LACEY, WASH. — If the assault on terrorism were a traditional war, the lopsided defeat of the Taliban-Al Qaeda forces in Afghanistan would have been recorded weeks ago as a win for the American military colossus.
But as the White House reminds us, we are still early in a new kind of global contest. Rather than front lines between opposing military formations, our maps show the topography of clan, language, religion, and historical experience. Whether military forces win or lose, whether governments fall or stand, now matters less than whether social webs trace affinity or enmity. Hatreds, not weapons, are now the engines of war; connections, not borders, are now the bulwarks of peace.
Just as computers and precision missiles seem to be moving us into a new era of short, clean combat, we find ourselves immersed in the most primal, bloody, and long-lived of human family fights: "us" versus "them."
We seem each to have inherited from our earliest ancestors a personal radar that constantly rates those around us for tiny differences along a scale of family-friend/ stranger-enemy. Hammering those sensitivities with spectacular brutality, the terrorist herds an aggrieved "we" into his camp ready to battle "them."
Once started, this is hard to stop. Political violence traps all sides in cyclones of reprisal to the profit of the arsonists who struck the matches.
As a civilization, we have no tasks more important than learning how to prevent these fires and figuring out how to put out the ones already burning. The hard part is not the terrorist cells themselves those are matters for the police and, occasionally, for the military when an extremist cell metastasizes into an armed militia. Force itself is not the answer. The goal is comity, a quality that cannot be hammered into a community by explosives.
Where do we start? With prevention. Terror arsonists must be outflanked in the communities and cultures where the fires of violence are not yet in full flame. Beyond the immediate task of halting the violence, future prevention should also be considered in such places as Palestine-Israel, Colombia, West Africa, and Kashmir. The only way to shorten the long list of hot spots is to keep violence mongers from driving "us-them" wedges into their targets.
The attackers use violence and extreme politics to open two kinds of gaps in a society: They divide and conquer by fracturing a community into arguing pieces. (Remember how Slobodan Milosevic turned the peaceful mosaic of Sarajevo into a lethal siege of Serb against "Turk" against Croat against Serb.) And then they isolate their targets from the outside world. (Recall the Osama bin Laden/Taliban calls for jihad against everything non-Muslim.)
What is an appropriate counterattack? A strategy of connections.
Tactics must go beyond a flashy campaign for "hearts and minds" or the jingoistic celebration of American values. The whole civil, prodemocracy world is in a global fight for our future a world that includes millions of moderate, peace-and-freedom-hungry Muslim families.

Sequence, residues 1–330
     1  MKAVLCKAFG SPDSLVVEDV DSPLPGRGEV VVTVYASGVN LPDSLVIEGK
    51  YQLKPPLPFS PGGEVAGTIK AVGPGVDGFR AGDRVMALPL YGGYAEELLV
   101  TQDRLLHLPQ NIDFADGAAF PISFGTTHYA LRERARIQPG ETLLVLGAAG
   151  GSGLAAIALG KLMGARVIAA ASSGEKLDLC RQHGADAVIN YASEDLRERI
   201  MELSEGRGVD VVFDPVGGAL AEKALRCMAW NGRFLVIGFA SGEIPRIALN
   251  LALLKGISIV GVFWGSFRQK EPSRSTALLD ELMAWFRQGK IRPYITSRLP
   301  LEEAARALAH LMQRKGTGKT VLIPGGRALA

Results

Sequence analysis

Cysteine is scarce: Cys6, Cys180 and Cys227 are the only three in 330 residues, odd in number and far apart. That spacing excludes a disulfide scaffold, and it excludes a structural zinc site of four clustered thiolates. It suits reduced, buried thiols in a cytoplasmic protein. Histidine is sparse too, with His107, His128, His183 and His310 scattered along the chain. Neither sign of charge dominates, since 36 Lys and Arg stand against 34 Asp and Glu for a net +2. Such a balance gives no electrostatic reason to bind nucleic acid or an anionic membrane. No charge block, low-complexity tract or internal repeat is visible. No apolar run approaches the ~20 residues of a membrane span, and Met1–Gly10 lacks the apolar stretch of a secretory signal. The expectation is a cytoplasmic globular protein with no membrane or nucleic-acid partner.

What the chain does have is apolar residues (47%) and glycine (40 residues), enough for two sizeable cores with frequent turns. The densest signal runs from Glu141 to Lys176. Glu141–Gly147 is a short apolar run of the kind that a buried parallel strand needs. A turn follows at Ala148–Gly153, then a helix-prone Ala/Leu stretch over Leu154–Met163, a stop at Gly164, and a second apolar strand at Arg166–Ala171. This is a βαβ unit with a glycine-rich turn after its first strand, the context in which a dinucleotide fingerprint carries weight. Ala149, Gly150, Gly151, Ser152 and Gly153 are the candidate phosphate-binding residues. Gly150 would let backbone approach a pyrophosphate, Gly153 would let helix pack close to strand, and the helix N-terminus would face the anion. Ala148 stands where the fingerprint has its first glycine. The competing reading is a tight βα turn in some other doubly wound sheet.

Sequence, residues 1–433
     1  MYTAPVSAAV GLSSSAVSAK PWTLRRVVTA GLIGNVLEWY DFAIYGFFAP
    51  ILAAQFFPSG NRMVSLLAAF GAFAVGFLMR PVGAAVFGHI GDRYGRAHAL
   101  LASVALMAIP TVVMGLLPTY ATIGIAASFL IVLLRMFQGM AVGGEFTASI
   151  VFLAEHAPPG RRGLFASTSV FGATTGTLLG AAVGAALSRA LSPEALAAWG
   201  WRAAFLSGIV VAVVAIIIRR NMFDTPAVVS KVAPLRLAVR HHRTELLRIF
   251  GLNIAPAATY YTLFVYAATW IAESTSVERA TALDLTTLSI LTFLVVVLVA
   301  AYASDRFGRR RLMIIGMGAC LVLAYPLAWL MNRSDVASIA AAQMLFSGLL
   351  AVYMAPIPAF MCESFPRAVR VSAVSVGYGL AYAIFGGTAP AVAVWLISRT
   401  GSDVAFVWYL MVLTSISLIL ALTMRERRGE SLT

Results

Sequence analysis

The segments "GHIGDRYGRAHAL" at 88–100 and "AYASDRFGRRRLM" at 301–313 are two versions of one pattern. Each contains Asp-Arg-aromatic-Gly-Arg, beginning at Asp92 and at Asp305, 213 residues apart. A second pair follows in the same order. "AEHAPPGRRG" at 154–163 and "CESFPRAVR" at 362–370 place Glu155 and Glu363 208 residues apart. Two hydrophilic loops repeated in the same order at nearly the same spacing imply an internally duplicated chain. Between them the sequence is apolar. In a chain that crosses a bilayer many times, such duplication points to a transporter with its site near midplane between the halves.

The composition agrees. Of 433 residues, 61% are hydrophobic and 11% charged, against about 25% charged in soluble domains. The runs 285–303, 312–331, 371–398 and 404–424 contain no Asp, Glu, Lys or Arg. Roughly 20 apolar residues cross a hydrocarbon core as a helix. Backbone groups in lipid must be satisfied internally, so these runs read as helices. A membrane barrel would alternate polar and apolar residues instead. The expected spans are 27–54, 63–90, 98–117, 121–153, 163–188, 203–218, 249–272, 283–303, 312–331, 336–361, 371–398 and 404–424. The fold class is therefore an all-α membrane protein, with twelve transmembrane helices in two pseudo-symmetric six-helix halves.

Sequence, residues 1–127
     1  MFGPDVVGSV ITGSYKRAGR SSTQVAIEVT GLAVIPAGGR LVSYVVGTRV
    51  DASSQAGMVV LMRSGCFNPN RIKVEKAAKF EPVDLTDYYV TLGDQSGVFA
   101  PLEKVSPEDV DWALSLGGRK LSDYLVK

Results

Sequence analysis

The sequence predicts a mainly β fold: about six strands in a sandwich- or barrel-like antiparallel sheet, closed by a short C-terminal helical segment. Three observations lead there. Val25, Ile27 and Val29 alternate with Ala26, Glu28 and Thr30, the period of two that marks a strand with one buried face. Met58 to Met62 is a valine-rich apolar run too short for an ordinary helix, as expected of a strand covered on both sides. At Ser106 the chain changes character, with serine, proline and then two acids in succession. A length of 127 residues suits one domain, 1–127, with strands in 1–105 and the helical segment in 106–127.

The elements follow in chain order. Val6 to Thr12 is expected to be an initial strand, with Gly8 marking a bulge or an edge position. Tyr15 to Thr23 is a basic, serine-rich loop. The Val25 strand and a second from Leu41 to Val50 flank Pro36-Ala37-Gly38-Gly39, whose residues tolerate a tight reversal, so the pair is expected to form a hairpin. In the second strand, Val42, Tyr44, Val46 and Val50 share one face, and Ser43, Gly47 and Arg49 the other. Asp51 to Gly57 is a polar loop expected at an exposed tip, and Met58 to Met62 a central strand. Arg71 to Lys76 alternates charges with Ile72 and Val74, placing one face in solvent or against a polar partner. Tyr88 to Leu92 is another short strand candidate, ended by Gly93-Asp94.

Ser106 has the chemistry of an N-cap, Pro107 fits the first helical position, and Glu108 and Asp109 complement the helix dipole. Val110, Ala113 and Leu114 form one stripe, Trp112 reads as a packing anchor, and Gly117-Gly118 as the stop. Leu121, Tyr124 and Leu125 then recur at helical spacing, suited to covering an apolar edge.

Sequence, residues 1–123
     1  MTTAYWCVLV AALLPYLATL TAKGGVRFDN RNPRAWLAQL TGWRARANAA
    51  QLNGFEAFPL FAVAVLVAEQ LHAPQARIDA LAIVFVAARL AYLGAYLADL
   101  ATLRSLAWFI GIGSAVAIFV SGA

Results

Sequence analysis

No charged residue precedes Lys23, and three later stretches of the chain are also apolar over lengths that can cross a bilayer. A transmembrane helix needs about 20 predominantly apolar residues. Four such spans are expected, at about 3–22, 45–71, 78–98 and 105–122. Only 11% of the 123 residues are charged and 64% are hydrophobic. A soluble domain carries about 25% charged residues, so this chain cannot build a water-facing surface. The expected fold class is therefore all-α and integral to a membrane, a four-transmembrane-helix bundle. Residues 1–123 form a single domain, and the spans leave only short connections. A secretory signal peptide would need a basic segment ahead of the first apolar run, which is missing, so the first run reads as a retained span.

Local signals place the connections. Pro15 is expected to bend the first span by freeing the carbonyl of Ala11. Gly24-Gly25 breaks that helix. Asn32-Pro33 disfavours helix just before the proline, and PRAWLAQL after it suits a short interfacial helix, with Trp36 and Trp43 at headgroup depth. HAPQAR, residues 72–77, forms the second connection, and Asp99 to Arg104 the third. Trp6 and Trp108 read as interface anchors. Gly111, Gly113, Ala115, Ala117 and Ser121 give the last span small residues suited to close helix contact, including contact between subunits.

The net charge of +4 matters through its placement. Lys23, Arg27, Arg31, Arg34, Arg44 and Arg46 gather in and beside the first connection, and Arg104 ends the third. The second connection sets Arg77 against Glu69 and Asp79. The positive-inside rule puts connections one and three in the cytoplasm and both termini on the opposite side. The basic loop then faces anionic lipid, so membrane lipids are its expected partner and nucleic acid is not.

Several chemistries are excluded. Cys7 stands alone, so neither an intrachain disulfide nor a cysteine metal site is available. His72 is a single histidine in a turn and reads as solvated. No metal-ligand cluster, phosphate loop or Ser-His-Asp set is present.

We all must move beyond outrage at the terrorists' ruthless killing to understand why their kind of violent "message" can be so powerful in at-risk societies and why the "message" of America's global cultural and economic presence can be converted to hostility even among people who yearn for the freedoms that America exemplifies.
Understanding begins with listening. Strategic, bridge-the-gulf listening requires more than sitting through a TV newscast about the latest incident in the Middle East. The civil world needs to be seen listening to the ambitions and fears and crises that preoccupy those who are being preyed upon by the terrorists.
How to do visible listening? Send official listeners. Everyone saw Vice President Cheney get an earful from Arab leaders during his recent Middle East tour. Send Congress. Hearings by bipartisan delegations, perhaps joined by European and Asian parliamentarians, could have a huge impact.
The US offers another tool: multibillion-dollar aid programs. The Bush administration wants to make foreign-assistance spending more relevant. So, invite people from at-risk countries to come to America and share publicly what sort of help they need.
There is a role for the military. The US is now making a great show of sending soldiers out to provide counterterrorism training. This is an opportunity to learn. Send some teams out to listen, not just preach.
More, be seen hosting meetings, so countries under attack may learn from one another.
Whatever we do, let's act now. A recent Gallup poll in the Muslim world revealed a stunning gulf between "them" and "us." That gap must be closed before Osama bin Laden and his terrorist friends manage to split off an entire chunk of the Muslim world into a culture of armed hate.
It's time to augment our vigorous military assault on terrorist pockets with some visible listening. In the long run, we will do more for comity with our ears than with our trigger fingers.
Larry Seaquist, a former US Navy warship captain and Pentagon strategist, chairs The Strategy Group, a global-action network of professionals devoted to peacebuilding and conflict prevention.